Doses of more than 200 nL/mL essential oil are hepatotoxic, 40 and at concentrations of 120 mcg/mL, decreased cell viability was found. 43 The intraperitoneal lethal dose in rats of a methanolic extract of sage leaves was calculated at 4,000 mg/kg. 20 Constituents thujone and camphor are recognized as neurotoxic, 40 while rosmarinic acid, carnosic acid, and carnosol were not genotoxic at dosages used in experiments. 27 , 30

Bibliography

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15. Capek P. An arabinogalactan containing 3-O-methyl-D-galactose residues isolated from the aerial parts of Salvia officinalis L. Carbohydr Res . 2008;343(8):1390-1393.
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18. Tildesley NT, Kennedy DO, Perry EK, et al. Salvia lavandulaefolia (Spanish sage) enhances memory in healthy young volunteers. Pharmacol Biochem Behav . 2003;75(3):669-674.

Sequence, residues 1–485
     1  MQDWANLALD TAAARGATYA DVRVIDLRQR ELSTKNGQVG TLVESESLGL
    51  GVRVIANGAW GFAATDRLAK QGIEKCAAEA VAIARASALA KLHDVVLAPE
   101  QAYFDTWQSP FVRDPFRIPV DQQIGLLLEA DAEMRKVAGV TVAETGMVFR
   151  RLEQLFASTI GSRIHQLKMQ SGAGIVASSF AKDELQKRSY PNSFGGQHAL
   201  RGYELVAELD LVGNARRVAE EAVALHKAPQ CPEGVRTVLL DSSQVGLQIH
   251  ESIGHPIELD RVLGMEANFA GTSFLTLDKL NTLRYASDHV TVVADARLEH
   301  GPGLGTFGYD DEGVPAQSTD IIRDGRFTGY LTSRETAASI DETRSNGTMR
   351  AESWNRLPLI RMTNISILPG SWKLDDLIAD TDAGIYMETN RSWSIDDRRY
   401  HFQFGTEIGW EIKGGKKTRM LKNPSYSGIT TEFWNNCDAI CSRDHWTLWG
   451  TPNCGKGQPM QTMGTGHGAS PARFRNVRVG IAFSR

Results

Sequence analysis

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22. Scholey AB, Tildesley NT, Ballard CG, et al. An extract of Salvia (sage) with anticholinesterase properties improves memory and attention in healthy older volunteers. Psychopharmacology (Berl) . 2008;198(1):127-139.
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31. Juhás S, Cikos S, Czikková S, et al. Effects of borneol and thymoquinone on TNBS-induced colitis in mice. Folia Biol (Praha) . 2008;54(1):1-7.
32. Baricevic D, Sosa S, Della Loggia R, et al. Topical anti-inflammatory activity of Salvia officinalis L. leaves: the relevance of ursolic acid. J Ethnopharmacol . 2001;75(2-3):125-132.
33. Hayouni el A, Chraief I, Abedrabba M, et al. Tunisian Salvia officinalis L. and Schinus molle L. essential oils: their chemical compositions and their preservative effects against Salmonella inoculated in minced beef meat. Int J Food Microbiol . 2008;125(3):242-251.